Justice Department Requires US Airways and American Airlines to Divest Facilities at Seven Key Airports to Enhance System-Wide Competition and Settle Merger Challenge
August 13, 2013
Justice Department Files Antitrust Lawsuit Challenging Proposed Merger Between US Airways and American Airlines
Anheuser-Busch InBev/Grupo Modelo
On January 31, 2013, the Division filed a civil suit to block the proposed $20.1 billion acquisition by Anheuser-Busch InBev (ABI) of total ownership and control of its rival Grupo Modelo (Modelo). The Division’s complaint alleged that the transaction would substantially lessen competition in the market for beer in the U.S. as a whole and in 26 metropolitan areas across the U.S., resulting in consumers paying more for beer and having fewer new products from which to choose.
On April 19, 2013, the Division entered into a proposed settlement with ABI and Modelo that required the companies to divest Modelo’s entire U.S. business—including licenses to Modelo brand beers, Modelo’s most advanced brewery, Piedras Negras, its interest in Crown Imports LLC, and other assets—to Constellation Brands Inc., in order to proceed with their merger.
The licensed Modelo brands include all seven brands that Modelo currently offers in the U.S. as well as three brands not yet offered in the U.S. but which Modelo currently sells in Mexico. As part of the proposed settlement, Constellation committed to expand the capacity of the Piedras Negras brewery in order to meet current and future demand for the Modelo brands in the U.S.
The court approved the settlement on October 24, 2013, ensuring that Constellation will fully replace Modelo as an independent competitor in the U.S.
April 19, 2013
Justice Department Reaches Settlement with Anheuser-Busch InBev and Grupo Modelo in Beer Case
January 31, 2013
Justice Department Files Antitrust Lawsuit Challenging Anheuser-Busch InBev’s Proposed Acquisition of Grupo Modelo
Ecolab Inc./Permian Mud Service Inc.
On April 8, 2013, the Division obtained a settlement with Ecolab Inc. and Permian Mud requiring the companies to divest assets used by Permian’s subsidiary, Champion Technologies, Inc., in order to proceed with their proposed merger. Ecolab’s subsidiary, Nalco Company, and Champion were respectively the largest and second-largest providers of production chemical management services for deepwater wells in the U.S. Gulf of Mexico. Before the merger, they competed against each other vigorously to the benefit of their customers. The transaction, as initially proposed, threatened to eliminate significant competition between Nalco and Champion, leading to higher prices, reduced service quality, and diminished innovation. The Division required the companies, in a settlement the court has since approved, to divest to Clariant Corp. and its affiliate, Clariant International, certain assets used by Champion to provide deepwater production chemical management services in the deepwater Gulf, as well as exclusive licenses to all other production chemicals used by Champion in the Gulf, and the option to buy certain additional assets and related equipment. The settlement also provided Clariant with an expansive right to hire the merged firm’s relevant personnel, who possess key know-how and critical expertise in this field. This remedy will preserve competition in these important services, which support efficient oil and gas production in deepwater environments.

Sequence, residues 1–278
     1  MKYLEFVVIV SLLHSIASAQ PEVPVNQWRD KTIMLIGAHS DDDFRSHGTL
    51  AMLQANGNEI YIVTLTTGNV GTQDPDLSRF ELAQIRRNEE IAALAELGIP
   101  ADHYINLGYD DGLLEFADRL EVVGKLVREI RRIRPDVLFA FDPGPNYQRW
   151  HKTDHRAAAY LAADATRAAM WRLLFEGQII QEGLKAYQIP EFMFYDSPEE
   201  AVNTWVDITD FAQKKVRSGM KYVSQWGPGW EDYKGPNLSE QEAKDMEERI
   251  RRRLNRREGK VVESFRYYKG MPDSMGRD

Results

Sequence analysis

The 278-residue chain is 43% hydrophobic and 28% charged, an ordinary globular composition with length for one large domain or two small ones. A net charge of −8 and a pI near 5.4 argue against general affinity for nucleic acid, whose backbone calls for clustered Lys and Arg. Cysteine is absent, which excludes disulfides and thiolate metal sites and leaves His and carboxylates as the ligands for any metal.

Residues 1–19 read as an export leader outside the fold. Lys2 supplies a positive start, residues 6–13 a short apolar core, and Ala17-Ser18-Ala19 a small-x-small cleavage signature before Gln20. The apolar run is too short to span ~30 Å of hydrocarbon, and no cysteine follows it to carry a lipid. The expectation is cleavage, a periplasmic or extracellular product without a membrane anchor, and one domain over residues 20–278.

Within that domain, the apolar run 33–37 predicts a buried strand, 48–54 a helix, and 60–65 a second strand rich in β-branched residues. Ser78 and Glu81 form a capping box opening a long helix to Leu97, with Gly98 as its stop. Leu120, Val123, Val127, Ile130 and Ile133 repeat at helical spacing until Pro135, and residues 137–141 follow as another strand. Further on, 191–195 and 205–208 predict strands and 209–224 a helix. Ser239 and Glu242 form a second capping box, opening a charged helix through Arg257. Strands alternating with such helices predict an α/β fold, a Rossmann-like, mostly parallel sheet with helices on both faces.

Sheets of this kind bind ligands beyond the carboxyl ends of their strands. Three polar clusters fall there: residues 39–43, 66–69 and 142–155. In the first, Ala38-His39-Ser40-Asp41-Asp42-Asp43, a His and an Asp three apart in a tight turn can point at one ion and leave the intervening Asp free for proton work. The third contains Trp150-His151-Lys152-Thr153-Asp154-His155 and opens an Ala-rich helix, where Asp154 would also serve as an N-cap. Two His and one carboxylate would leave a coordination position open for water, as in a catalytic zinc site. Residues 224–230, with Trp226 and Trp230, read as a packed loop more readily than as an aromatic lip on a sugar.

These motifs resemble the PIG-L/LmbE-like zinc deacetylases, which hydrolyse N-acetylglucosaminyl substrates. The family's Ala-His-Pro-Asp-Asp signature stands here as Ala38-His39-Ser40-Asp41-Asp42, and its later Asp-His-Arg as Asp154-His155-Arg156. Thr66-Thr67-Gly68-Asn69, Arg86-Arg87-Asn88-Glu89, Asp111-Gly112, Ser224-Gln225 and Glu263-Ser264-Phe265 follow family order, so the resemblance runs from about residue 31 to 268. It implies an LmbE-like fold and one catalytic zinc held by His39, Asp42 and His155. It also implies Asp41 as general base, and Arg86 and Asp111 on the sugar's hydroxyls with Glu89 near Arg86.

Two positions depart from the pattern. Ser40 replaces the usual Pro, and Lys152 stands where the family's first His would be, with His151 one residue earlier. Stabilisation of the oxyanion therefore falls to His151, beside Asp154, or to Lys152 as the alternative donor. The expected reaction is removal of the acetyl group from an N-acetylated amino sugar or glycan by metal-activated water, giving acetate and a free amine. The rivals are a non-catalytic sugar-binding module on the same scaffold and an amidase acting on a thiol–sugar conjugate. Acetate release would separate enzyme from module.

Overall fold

April 8, 2013
Justice Department Requires Divestiture in Merger of Ecolab Inc. and Permian Mud Service Inc. - Divestiture of Assets Supporting Oil and Gas Production from Deepwater Wells Will Provide Competitive Alternative for Producers in the Gulf of Mexico